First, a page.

The adarga was a hard leather shield created by the north-african Berbers, its name derived from the Arabic "al-daraqa" ("shield"). An important center of manufacture of the adarga was the city of Fes, Morocco. The adarga was typically made from the hide of the antelope (probably the Arabian Oryx) and was extremely resistant to the blows of sword, lance and arrow, but other kinds of leather were used as well. Inside, in the center, was a pair of leather grips held in the hand or strapped to the forearm with a small cushion beneath to absorb impact. Originally the adarga was round, then heart shaped, then finally it took the form of a pair of overlapping ellipses or ovals, measuring 69–80 cm (27–31.5 in) in the long axis. Two or more layers of hide were glued and sewn together to make the adarga both rigid and elastic, and often decorated with incised and gilt ornaments, Moorish inscriptions, and metal appliques and borders.
The adarga was a traditional defense employed by the Moorish light horseman, who used it along with the lance. Throughout the 14th and 15th centuries the adarga was also used by Christian Iberian soldiers and nobility, including their own light cavalry (Portuguese: ginetes; Spanish: jinetes), some of whom adopted Moorish fighting patterns. The adarga was in widespread use in Europe until the 16th century and the progress of firearms. The adarga continued to be used until the early 19th century by soldado de cuera in New Spain. These adargas were often decorated with the Spanish coat-of-arms.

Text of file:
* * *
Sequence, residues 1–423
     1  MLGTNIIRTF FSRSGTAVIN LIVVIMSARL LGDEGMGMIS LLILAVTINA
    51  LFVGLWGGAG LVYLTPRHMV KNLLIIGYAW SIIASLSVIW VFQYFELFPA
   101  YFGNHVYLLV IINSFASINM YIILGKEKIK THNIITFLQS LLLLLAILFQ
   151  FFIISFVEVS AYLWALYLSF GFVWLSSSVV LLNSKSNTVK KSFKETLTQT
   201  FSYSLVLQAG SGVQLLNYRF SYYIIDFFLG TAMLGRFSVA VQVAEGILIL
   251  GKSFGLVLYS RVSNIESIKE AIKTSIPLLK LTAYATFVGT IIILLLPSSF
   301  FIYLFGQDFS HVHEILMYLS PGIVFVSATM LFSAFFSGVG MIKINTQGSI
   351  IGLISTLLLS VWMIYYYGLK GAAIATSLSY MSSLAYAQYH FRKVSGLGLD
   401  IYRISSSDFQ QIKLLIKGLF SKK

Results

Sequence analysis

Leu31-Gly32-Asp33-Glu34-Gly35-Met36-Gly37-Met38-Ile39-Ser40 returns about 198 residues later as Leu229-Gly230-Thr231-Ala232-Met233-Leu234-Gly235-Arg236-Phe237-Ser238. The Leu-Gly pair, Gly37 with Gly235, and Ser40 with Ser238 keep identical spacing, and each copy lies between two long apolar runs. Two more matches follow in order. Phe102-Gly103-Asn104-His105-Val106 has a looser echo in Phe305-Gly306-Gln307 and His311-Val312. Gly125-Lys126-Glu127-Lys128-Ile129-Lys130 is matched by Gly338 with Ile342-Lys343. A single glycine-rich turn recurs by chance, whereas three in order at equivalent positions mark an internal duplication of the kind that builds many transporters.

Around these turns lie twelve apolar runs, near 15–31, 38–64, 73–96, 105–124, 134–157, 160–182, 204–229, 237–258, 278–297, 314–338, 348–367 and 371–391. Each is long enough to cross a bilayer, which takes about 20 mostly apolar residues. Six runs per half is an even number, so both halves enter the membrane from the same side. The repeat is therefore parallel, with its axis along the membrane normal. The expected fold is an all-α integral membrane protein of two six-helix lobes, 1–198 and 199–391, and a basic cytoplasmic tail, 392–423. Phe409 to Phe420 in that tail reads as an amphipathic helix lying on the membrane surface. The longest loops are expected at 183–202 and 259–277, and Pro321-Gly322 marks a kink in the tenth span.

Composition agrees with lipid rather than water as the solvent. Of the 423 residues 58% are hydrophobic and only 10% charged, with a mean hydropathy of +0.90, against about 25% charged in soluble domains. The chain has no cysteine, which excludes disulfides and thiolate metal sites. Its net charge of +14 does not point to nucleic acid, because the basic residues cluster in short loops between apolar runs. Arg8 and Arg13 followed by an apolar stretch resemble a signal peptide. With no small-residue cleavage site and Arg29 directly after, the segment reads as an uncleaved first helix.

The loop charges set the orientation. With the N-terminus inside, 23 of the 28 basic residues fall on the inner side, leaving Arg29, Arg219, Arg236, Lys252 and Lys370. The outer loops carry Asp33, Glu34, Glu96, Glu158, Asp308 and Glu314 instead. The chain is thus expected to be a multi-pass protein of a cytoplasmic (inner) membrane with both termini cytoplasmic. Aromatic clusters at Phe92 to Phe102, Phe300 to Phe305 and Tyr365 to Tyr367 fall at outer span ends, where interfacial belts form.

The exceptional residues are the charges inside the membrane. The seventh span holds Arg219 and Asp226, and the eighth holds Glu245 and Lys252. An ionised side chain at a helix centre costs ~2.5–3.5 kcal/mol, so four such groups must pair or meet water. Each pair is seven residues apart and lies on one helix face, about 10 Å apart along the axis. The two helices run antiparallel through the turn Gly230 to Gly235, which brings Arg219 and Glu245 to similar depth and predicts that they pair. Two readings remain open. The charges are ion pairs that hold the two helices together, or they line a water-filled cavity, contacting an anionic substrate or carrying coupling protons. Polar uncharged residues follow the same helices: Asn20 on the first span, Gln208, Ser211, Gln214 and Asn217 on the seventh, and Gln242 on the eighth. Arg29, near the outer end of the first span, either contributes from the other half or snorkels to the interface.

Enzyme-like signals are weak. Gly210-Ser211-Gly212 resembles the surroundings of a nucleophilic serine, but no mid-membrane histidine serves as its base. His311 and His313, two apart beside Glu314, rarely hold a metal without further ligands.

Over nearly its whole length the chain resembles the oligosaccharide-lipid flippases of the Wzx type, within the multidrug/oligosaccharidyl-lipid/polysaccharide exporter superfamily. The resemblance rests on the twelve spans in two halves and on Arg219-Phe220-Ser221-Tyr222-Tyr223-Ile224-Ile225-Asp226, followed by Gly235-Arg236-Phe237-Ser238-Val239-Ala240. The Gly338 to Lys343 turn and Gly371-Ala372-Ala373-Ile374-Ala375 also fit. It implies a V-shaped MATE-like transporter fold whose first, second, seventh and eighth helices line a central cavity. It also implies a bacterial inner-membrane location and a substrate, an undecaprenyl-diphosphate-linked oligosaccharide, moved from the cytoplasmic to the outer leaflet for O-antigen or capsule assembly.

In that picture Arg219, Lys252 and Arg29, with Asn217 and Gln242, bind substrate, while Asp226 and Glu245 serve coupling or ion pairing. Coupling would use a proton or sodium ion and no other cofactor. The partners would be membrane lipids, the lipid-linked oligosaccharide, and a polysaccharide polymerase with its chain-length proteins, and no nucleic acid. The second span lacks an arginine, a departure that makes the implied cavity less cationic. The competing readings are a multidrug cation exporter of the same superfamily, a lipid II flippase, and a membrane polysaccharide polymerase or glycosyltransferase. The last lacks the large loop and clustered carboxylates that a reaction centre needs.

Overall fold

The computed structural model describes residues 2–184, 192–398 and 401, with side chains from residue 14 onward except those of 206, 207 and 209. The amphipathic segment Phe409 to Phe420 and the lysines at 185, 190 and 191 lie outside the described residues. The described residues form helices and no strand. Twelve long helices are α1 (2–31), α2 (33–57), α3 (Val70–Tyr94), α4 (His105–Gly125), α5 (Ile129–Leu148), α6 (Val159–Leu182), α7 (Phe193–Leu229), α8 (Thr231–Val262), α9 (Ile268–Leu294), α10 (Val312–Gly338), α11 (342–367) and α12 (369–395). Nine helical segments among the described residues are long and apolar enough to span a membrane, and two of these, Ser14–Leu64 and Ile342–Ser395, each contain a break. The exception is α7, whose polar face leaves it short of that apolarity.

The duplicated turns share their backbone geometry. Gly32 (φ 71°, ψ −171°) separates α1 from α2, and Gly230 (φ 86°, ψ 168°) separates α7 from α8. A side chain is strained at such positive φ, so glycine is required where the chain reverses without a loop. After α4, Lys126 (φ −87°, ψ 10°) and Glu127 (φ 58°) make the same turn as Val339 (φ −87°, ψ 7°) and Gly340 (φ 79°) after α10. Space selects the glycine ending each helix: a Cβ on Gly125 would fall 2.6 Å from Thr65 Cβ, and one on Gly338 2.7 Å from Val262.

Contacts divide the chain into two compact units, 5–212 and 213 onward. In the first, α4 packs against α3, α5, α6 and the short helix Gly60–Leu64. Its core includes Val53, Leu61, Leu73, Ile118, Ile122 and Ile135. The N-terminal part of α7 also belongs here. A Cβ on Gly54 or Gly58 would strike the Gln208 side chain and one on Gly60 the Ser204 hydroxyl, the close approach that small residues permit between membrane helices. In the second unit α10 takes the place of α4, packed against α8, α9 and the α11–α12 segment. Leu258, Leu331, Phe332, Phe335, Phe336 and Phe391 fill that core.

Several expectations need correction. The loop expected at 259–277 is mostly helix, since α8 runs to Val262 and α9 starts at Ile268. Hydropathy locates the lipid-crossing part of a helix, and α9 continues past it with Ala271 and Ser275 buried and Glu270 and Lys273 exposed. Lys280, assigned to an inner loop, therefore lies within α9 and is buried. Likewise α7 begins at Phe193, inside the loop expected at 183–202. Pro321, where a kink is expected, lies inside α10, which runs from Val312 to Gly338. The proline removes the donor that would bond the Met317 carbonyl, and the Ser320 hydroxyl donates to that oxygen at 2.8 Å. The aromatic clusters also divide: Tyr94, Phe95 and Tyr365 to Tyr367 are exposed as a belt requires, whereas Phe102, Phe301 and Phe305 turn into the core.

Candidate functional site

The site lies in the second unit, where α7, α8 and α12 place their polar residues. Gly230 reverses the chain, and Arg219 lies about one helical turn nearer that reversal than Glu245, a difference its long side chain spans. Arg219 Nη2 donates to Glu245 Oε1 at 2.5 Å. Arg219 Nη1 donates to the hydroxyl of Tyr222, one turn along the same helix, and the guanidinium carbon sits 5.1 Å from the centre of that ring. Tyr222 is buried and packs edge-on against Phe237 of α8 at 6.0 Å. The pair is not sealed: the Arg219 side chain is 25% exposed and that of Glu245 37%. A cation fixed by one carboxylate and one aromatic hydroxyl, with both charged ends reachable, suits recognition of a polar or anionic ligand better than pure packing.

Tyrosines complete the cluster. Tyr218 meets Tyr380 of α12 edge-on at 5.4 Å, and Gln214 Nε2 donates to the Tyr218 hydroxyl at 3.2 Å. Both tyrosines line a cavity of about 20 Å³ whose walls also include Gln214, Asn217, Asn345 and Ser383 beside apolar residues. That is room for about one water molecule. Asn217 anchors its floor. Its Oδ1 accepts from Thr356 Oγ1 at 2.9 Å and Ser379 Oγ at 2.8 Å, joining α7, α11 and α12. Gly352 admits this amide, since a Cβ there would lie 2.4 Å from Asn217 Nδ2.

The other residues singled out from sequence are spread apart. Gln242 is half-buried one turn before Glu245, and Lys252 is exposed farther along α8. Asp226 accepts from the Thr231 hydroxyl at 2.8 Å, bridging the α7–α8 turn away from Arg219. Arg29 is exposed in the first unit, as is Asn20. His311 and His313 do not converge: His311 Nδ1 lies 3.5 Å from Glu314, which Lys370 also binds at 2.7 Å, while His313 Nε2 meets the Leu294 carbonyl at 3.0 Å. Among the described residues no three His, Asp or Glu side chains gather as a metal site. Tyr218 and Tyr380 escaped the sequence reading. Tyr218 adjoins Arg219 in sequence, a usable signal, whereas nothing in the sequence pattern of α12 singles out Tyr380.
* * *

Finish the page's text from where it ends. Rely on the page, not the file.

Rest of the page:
Some impressive examples of the adarga are preserved in the Royal Armoury of the Royal Palace of Madrid, while one unique example is made from a large tortoise shell, taken at the Battle of Vienna in 1683 from the Turks, and is preserved in the armory of the Mons Clara Monastery at Częstochowa, Poland. The majority of surviving adargas are highly ornamental with painted decoration and were used by Spanish nobles in tournament cavalry combat, particularly in the juego de las cañas ("game of canes"), a sport of the 16th and 17th centuries involving teams of horsemen who hurled javelins made of cane at one another that had to be dodged or deflected with the adarga, imitating past battles against the Moors.
- Adarga at History Wired
- The Feather Adarga of Philip II in the Real Armeria
- The Spanish Adarga
- Al-Andalus: the art of Islamic Spain, an exhibition catalog from The Metropolitan Museum of Art (fully available online as PDF), which contains material on Adarga (see index)